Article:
Talk with your healthcare provider about your training and goals. As an athlete, you may need to modify your training program in each stage of pregnancy. While there may be risk involved in physical activity for some people, most healthcare providers believe that the benefits of being active far outweigh the risks, even for those who wish to continue participation at an elite level. Your pre-pregnancy levels of fitness, as well your particular sport, must be considered when planning how intensely, how long, and how often you exercise. When done under the care and guidance of your healthcare provider, it is unlikely that your exercise program or sport will cause problems.
Studies have found that some athletes use supplementation to enhance performance. However, information on the use of supplements in pregnancy is often very limited. Be sure to talk to your healthcare provider if you are thinking about taking any sort of supplementation. You can also contact MotherToBaby for any questions about specific supplements and pregnancy.
When can I begin to exercise after giving birth?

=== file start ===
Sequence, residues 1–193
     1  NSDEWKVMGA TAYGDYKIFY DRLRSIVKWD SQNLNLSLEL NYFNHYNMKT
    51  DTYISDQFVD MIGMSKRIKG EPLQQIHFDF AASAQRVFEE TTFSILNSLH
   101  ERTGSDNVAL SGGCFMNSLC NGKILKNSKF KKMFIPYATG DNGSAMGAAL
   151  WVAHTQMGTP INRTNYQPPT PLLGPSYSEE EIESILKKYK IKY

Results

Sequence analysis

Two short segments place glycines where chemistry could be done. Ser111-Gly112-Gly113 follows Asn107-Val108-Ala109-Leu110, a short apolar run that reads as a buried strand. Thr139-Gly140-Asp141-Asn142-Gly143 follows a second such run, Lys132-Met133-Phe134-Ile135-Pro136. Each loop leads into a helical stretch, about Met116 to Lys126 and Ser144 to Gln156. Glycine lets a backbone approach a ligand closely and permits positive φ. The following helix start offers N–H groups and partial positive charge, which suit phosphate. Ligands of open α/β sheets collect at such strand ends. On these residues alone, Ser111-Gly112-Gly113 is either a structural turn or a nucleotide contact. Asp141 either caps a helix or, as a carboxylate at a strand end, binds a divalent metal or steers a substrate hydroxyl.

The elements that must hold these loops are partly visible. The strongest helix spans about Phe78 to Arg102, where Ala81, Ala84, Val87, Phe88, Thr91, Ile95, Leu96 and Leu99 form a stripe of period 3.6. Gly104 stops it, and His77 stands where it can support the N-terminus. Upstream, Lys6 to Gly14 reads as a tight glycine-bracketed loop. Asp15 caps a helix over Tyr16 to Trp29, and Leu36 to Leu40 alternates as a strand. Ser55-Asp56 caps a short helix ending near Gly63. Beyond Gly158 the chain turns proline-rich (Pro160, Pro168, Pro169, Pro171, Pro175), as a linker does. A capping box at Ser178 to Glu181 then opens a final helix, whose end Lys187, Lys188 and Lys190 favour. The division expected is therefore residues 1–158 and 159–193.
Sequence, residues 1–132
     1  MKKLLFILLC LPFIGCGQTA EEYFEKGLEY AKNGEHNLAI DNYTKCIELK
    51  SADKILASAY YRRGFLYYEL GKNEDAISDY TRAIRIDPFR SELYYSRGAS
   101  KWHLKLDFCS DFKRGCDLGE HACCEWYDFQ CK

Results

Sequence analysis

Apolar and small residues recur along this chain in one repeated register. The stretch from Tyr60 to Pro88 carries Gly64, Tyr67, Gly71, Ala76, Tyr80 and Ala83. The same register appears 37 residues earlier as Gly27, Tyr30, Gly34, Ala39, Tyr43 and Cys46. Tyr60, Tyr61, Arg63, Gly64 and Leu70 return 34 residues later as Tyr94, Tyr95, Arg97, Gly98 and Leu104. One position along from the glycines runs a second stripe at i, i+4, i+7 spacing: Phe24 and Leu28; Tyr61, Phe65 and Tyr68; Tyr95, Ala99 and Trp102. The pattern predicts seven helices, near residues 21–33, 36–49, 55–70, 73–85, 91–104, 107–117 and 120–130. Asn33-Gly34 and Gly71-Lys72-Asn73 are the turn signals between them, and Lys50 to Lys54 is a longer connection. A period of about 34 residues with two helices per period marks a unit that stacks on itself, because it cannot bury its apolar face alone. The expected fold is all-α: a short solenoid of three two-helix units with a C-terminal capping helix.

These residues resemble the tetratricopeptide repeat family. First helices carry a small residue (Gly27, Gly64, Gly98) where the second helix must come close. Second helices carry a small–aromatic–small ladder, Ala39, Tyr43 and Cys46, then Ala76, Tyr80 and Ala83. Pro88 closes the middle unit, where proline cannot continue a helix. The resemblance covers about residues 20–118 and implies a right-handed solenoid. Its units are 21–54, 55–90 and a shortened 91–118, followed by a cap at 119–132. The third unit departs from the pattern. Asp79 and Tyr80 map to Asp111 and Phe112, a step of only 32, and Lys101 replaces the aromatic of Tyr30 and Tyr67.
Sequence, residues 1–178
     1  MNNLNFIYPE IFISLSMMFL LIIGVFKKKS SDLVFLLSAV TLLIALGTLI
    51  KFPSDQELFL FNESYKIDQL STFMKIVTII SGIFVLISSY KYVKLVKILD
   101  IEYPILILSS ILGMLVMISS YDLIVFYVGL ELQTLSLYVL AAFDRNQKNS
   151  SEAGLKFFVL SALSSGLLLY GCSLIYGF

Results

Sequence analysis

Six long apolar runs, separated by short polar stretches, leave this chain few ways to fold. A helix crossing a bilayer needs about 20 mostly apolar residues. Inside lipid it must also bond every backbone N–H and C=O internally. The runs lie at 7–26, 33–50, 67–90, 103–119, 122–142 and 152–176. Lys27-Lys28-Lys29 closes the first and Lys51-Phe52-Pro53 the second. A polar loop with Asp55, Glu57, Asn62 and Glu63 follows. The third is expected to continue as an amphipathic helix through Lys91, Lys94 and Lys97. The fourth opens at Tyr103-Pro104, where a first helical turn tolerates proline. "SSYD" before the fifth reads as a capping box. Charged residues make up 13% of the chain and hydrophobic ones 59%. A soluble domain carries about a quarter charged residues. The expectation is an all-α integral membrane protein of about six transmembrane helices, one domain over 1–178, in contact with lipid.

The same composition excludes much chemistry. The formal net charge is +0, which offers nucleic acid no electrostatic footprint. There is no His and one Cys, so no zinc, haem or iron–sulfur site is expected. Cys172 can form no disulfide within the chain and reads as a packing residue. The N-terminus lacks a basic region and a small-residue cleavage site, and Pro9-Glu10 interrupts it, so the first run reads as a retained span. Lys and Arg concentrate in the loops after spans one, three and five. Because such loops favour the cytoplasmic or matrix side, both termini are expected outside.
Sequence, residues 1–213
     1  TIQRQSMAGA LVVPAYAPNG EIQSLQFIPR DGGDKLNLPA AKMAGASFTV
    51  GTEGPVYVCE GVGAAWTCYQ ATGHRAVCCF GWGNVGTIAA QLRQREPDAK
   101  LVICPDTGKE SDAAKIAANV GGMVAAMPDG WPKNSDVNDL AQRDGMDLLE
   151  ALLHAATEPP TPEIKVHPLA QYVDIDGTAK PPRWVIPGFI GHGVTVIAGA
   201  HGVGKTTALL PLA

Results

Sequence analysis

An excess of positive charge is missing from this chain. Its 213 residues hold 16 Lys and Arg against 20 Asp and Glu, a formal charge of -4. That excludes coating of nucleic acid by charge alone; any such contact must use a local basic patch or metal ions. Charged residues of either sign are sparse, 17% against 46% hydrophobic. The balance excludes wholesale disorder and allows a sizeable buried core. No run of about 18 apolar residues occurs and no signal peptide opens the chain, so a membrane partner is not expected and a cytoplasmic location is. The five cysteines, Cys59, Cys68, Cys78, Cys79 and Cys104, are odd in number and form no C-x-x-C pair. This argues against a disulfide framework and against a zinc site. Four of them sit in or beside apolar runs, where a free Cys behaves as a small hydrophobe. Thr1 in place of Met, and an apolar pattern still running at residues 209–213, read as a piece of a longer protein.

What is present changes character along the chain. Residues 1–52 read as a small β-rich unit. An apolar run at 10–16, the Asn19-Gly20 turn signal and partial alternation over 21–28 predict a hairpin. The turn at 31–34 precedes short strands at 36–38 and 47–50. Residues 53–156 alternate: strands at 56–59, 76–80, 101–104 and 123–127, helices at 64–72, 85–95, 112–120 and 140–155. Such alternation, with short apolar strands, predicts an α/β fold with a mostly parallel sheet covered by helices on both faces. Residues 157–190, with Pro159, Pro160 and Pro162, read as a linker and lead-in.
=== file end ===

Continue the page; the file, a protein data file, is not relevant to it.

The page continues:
Talk to your healthcare provider to find out how soon you can begin to exercise after giving birth. Your body will continue to go through changes from your pregnancy for many weeks after your baby is born. How long you should wait will depend on a few factors, including how active you were able to be during pregnancy, any health problems you have, and what type of delivery you had.
Breastfeeding while exercising:
When done in moderation and under the guidance of your healthcare provider, exercise is not expected to affect breastfeeding. Most people will make the same amount of milk whether they exercise or not. However, it is extremely important to drink a lot of water when breastfeeding, especially if you are exercising. Be sure to talk to your healthcare provider about all of your breastfeeding questions.
If a male exercises, could it affect fertility (ability to get partner pregnant) or increase the chance of birth defects?
Based on the studies reviewed, exercise is not expected to affect male fertility. Studies have not been done to see if exercise could increase the chance of birth defects above the background risk. In general, exposures that fathers or sperm donors have are unlikely to increase the risks to a pregnancy. For more information, please see the MotherToBaby fact sheet Paternal Exposures and Pregnancy at https://mothertobaby.org/fact-sheets/paternal-exposures-pregnancy/.
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OTIS/MotherToBaby encourages inclusive and person-centered language. While our name still contains a reference to mothers, we are updating our resources with more inclusive terms. Use of the term mother or maternal refers to a person who is pregnant. Use of the term father or paternal refers to a person who contributes sperm.